Posting to NGC4LIB
On 12/10/2011 21:09, Diane Hillmann wrote:
Also, from the point of view of the search engine community, this optimization by embedding metadata is their one-and-only use case for metadata. Those of us who remember early attempts to embed DC properties in web pages also know some limitations of this approach: it assumes metadata is static and unchanging, and makes it virtually impossible to maintain or re-use. We have a lot more than that we hope to do, and that niche, should we chose to accept it, really uses our skills and experience to the utmost.
My own thoughts are that perhaps “Search Engine Optimization” (SEO) really is the future for all metadata, for better or worse. Its simplicity is going to make sense to a lot of people, and it can be implemented now. But as I mentioned earlier, I don’t see why microdata would be any less susceptible to spam than “author created metadata” was before, when people would put in practically entire encyclopedias into the meta fields, and when search engines disallowed information in the meta fields and took only the text in the body of the webpage, people came up with all kinds of clever things. One I discovered that I thought was really neat, where people would put in all kinds of spam using white text on white backgrounds, so that you couldn’t see it until you looked at the page source.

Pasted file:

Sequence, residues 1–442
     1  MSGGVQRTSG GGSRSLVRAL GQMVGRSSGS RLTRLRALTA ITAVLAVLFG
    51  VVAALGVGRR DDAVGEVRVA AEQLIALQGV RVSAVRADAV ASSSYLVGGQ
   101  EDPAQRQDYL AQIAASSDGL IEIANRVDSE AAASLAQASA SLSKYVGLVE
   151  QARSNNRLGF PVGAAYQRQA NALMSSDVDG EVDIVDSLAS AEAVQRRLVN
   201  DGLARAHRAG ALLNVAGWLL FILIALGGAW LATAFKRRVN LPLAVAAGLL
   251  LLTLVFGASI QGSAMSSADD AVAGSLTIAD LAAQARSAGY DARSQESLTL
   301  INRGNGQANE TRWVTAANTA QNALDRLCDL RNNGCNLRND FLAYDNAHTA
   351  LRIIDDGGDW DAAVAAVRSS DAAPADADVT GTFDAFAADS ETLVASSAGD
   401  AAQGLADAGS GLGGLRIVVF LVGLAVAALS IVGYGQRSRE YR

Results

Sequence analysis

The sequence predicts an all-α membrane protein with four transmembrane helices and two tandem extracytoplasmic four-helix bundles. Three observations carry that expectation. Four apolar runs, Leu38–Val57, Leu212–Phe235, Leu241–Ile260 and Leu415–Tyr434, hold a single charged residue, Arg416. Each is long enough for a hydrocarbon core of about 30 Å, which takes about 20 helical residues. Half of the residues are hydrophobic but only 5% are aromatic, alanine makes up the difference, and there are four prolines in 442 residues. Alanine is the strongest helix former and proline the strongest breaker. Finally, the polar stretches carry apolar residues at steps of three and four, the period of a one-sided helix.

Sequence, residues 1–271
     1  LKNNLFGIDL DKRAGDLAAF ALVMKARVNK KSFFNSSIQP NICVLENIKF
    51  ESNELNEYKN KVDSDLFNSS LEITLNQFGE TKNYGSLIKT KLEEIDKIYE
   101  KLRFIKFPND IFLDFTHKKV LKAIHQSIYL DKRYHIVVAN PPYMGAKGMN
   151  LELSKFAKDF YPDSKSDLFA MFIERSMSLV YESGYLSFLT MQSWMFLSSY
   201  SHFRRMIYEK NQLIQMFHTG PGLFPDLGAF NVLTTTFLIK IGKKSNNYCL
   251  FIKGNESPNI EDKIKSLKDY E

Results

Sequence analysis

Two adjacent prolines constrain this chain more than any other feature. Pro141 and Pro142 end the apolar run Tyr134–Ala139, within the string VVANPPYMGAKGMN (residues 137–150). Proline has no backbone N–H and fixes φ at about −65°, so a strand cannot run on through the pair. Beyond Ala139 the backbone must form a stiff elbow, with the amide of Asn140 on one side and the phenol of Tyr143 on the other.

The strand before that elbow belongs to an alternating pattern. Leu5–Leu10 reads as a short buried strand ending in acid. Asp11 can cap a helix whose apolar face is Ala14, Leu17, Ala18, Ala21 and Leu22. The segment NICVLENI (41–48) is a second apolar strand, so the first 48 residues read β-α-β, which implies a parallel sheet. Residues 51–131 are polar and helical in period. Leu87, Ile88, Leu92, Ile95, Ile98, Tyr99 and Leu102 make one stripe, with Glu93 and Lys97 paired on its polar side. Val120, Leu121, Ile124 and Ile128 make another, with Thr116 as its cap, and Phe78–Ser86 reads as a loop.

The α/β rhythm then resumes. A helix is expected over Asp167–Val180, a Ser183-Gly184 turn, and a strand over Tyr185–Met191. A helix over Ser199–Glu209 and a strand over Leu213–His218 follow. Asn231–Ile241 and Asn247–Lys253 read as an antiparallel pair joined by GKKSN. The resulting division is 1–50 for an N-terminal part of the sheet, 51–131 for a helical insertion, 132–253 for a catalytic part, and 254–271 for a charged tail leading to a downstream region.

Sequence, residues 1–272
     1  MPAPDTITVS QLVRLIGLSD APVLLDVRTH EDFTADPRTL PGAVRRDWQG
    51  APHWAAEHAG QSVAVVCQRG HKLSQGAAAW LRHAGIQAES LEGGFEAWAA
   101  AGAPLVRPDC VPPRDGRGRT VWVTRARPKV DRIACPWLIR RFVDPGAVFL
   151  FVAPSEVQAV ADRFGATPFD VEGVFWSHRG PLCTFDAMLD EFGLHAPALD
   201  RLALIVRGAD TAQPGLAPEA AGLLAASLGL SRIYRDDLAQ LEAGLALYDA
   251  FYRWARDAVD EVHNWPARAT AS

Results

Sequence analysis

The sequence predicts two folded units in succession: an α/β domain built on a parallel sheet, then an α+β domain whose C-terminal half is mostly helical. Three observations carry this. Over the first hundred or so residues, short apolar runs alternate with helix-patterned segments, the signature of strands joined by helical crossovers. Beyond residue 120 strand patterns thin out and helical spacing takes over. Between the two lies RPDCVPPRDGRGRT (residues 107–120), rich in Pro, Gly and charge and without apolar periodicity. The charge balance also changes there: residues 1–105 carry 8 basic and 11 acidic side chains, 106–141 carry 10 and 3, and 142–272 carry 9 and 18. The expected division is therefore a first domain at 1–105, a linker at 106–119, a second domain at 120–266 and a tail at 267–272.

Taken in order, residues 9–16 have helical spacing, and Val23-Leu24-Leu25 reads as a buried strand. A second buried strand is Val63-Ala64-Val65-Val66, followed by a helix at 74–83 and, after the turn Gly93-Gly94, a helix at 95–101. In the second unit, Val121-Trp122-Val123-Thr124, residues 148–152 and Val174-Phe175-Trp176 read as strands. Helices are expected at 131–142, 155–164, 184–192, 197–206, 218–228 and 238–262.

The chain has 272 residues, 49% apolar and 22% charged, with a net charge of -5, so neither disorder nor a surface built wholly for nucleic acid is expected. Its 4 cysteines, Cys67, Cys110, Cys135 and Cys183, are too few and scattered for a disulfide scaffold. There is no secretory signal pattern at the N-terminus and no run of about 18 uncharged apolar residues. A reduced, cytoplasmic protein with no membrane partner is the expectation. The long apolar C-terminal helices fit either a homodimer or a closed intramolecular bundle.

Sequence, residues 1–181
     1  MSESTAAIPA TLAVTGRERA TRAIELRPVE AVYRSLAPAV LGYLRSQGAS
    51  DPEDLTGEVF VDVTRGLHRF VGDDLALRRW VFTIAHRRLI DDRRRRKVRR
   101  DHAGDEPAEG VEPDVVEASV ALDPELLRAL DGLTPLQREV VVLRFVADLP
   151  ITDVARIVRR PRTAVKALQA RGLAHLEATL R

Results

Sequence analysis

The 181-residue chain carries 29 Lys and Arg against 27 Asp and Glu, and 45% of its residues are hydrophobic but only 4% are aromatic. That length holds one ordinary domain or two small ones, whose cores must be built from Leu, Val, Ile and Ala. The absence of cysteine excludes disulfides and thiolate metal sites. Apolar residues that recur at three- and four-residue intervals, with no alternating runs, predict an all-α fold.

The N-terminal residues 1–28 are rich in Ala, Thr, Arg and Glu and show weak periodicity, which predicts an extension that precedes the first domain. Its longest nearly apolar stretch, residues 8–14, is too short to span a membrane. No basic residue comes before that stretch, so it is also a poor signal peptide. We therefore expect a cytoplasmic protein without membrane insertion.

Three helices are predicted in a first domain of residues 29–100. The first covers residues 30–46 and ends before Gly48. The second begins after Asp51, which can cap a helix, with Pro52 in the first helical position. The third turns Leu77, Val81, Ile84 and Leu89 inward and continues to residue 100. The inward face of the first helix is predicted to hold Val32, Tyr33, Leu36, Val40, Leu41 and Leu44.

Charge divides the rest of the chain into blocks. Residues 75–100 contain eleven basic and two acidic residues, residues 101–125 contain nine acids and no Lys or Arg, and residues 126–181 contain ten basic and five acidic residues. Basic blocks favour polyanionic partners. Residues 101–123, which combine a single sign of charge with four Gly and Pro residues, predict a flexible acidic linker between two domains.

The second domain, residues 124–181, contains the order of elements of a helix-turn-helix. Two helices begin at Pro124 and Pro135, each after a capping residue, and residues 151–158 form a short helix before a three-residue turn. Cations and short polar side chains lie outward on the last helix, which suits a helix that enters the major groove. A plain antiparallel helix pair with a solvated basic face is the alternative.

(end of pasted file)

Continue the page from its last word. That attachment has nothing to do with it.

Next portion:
The only solution that was found was the Google-type solution that rated pages by links *to* the page, and not by what was *on* the page. This is liable to spam also, with Google-bombing and of course, SEO, which is actually a type of Google-bomb but more respectable.
Nevertheless, library use of microdata could provide a level of a predictability in the search result, which I think people want, at least sometimes, as opposed to the endlessly “personalized” search results that all of the information companies seem to be aiming for: personalized by your own previous searches, by what your friends searched, by what their friends searched, by what people with similar profiles searched and so on and on….
Libraries allow true *conceptual* searching, using Use Fors, Broader/Narrower Terms, Related Terms, and scope notes, so that people really can search by concept. Google-type searches will remain as more and more complex variations on searching text, using fuzzy searches for terms, thesauri and so on. But no matter what, it will remain textual.
Libraries and conceptual searching, no matter the problems with it, is wanted by many once people begin to understand it. But our conceptual searching is really weird for most of the public today.
I still say this is one place where libraries could provide something nobody else does. But I don’t know–maybe it’s too late. It would cost some rapidly-disappearing bucks that will be spent on implementing RDA! That will certainly solve all of our problems! 🙂